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German court bans Uber’s ride-hailing service

Igor Bonifacic
Contributing Writer
ASSOCIATED PRESS

Uber has suffered another major setback in Europe. According to Reuters, a court in Germany ruled on Thursday that the company doesn't have the necessary license to operate a business that employs for-hire drivers.

In Germany and other parts of the European Union, Uber operates differently than it does in North America. Due to a 2017 decision by the EU's highest court, the company works exclusively with private hire vehicle (PHV) companies and their licensed drivers. Today's decision effectively bans the company from offering rides to people in the seven cities where Uber operates in Germany.

In addition to the license violation, the court found several issues with Uber's dispatching process, including the fact that drivers could accept a job within its app without their official employer first receiving it. Additionally, under German law hired cars are obligated to return to their firm's main office after dropping a passenger off.

"From a passenger's point of view, Uber provides the service itself and is therefore an entrepreneur," the court said, going on to add that Uber must comply with the country's passenger transport laws.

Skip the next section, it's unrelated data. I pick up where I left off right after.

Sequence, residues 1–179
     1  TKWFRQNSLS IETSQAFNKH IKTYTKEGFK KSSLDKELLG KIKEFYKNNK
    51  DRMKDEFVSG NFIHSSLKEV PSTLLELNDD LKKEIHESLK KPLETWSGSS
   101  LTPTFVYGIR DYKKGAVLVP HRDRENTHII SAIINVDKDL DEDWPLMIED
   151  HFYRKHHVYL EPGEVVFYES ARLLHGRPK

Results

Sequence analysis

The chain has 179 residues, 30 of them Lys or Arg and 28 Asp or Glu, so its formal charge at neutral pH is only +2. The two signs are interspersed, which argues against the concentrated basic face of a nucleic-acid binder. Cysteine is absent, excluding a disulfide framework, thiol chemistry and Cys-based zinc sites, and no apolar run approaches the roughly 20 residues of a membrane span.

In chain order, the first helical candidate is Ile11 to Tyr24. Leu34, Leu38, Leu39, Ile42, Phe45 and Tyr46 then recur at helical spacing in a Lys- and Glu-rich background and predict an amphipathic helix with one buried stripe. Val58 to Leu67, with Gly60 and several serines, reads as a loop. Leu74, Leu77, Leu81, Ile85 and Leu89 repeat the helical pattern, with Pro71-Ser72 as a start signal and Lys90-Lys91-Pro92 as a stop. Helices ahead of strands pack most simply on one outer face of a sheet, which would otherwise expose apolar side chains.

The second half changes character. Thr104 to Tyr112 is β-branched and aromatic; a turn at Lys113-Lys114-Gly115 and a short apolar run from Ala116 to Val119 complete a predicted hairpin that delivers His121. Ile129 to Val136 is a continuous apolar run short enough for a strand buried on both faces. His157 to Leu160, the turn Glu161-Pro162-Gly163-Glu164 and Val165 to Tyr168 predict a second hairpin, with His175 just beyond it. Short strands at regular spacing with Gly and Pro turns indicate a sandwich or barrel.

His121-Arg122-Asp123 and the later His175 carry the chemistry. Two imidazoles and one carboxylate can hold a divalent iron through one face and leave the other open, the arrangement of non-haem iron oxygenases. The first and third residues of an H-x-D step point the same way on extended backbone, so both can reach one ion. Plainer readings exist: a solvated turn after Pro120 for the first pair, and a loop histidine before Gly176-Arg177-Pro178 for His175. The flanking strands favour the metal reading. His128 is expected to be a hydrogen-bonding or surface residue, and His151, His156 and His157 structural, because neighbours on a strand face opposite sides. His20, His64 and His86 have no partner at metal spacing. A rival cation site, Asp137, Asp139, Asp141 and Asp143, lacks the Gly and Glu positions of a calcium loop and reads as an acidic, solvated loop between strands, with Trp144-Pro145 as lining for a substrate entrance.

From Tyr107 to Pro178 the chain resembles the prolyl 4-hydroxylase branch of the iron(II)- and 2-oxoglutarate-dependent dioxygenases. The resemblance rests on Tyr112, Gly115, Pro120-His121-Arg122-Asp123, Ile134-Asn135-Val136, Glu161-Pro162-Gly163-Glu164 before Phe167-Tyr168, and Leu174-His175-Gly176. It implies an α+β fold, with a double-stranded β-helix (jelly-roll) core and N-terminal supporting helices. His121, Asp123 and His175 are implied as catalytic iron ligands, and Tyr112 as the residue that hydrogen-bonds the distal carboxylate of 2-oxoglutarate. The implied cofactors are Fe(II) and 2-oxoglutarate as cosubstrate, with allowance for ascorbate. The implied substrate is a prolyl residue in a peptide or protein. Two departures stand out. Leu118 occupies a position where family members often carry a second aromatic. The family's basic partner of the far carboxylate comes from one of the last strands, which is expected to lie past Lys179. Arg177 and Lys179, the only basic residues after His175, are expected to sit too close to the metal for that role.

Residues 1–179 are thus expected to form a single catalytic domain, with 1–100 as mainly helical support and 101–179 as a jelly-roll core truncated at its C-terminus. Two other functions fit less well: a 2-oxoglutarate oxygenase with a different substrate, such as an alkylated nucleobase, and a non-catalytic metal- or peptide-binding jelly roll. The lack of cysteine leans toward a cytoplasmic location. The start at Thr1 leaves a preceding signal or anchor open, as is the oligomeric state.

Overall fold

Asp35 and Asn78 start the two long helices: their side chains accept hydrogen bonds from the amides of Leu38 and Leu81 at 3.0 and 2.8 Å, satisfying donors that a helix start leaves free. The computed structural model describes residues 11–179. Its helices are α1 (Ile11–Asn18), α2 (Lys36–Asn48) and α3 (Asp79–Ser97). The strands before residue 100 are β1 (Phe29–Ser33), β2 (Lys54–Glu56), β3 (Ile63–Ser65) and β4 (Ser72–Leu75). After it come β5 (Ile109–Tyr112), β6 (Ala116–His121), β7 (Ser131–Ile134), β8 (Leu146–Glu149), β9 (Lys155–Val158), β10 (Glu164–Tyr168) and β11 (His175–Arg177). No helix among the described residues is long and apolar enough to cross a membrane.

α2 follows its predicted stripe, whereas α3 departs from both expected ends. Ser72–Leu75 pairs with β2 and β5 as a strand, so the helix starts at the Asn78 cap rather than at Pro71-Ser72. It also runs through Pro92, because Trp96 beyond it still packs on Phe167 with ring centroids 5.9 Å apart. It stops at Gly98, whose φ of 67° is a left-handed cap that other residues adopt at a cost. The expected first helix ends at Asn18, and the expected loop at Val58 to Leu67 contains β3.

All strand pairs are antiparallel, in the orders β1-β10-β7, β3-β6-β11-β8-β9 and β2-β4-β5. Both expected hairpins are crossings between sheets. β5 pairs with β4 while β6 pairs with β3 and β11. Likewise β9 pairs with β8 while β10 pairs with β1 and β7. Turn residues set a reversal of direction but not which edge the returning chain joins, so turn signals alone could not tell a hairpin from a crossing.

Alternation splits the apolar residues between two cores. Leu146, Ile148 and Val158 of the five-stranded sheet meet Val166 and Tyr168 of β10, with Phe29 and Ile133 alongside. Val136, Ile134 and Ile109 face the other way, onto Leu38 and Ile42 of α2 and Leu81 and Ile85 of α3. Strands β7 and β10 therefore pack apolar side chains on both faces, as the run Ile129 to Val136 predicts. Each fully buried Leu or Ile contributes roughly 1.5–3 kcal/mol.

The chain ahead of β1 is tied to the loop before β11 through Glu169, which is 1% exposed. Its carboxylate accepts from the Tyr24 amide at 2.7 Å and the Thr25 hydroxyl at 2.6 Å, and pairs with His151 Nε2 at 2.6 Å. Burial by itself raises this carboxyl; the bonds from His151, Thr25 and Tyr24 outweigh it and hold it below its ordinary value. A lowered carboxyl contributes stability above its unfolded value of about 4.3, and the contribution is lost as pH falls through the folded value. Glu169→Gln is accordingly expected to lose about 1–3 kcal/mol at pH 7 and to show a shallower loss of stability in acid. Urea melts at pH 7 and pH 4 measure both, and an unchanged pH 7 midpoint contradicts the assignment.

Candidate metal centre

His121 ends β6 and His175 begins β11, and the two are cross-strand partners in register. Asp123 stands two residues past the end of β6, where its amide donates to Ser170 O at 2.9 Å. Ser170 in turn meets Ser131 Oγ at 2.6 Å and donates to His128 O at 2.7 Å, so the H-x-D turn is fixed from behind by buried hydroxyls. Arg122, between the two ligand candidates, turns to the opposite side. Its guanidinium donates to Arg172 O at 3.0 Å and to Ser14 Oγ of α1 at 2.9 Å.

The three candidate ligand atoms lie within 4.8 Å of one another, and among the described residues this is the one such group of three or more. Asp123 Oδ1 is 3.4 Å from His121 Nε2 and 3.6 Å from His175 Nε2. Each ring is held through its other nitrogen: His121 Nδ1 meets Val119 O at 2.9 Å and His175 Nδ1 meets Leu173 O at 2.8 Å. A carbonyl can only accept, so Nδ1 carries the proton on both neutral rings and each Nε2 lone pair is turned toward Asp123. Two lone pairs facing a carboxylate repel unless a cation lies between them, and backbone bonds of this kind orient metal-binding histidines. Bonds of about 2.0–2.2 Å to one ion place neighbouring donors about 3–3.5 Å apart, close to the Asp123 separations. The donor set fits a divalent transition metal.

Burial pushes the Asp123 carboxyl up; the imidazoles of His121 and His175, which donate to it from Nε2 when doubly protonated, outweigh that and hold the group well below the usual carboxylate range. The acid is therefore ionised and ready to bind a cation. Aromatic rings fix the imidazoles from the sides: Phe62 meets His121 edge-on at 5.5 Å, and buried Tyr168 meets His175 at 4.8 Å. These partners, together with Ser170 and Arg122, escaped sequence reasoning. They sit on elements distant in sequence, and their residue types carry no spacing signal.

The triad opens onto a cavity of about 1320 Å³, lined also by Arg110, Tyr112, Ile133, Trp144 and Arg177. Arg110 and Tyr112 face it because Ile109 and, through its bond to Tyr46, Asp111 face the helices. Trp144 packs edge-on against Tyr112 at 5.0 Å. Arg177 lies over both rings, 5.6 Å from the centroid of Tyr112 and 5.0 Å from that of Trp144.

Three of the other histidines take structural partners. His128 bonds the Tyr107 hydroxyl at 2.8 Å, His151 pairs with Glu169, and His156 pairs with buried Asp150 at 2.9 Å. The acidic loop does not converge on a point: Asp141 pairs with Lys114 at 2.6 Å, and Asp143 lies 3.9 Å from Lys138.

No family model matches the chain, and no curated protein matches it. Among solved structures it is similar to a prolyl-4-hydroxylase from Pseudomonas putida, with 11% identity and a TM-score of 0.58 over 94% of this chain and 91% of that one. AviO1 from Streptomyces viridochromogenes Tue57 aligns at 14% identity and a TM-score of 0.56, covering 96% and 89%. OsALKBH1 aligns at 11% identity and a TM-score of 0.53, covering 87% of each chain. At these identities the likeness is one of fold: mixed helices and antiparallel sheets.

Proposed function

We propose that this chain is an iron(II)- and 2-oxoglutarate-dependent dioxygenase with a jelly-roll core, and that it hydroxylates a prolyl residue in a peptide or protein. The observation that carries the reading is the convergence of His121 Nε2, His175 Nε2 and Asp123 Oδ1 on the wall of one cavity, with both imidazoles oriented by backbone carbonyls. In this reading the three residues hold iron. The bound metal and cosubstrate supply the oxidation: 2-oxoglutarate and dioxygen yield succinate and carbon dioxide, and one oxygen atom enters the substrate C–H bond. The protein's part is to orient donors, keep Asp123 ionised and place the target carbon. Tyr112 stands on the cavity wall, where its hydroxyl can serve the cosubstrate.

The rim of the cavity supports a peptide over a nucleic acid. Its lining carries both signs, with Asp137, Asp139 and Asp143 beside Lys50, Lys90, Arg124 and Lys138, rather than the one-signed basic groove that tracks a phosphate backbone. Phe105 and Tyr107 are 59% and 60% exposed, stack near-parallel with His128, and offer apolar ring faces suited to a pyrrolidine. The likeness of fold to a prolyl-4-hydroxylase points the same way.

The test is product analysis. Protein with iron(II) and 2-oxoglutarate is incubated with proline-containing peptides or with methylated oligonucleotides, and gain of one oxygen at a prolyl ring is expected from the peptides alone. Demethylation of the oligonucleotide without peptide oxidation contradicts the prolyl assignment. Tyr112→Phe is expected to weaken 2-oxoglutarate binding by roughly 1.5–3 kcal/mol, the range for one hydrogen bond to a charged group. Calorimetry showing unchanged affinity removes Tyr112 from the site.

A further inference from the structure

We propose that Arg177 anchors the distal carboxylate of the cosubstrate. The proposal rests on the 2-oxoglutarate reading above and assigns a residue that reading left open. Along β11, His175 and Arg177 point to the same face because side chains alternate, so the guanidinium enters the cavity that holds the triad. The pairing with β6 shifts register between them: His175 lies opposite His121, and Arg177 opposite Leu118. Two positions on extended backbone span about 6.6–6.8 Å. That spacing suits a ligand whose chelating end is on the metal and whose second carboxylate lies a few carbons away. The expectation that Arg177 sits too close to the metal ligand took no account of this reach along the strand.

The German taxi association that brought the legal challenge against Uber said it plans to seek immediate provisional enforcement of the ban. Uber could pay fines as high as €250,000 per ride if it doesn't comply with the court's decision. The company can appeal the ruling, however.

"We will assess the court's ruling and determine next steps to ensure our services in Germany continue," a spokesperson for the company told TechCrunch. "Working with licensed PHV operators and their professional drivers, we are committed to being a true partner to German cities for the long term." We've reached out for additional comment and information, and we'll update this article when the company responds.

This latest court decision caps off a rough end of the year for Uber. In late November, London declined to issue the company a new license to operate in the city. Transport for London (TfL), the city's ride-hailing regulator, said it identified "a pattern of failures" when it came to Uber's safety track record. Both decisions come at a time when Uber can't afford to lose large markets. In its first post-IPO earnings report, the company said it had a net loss of $1.1 billion.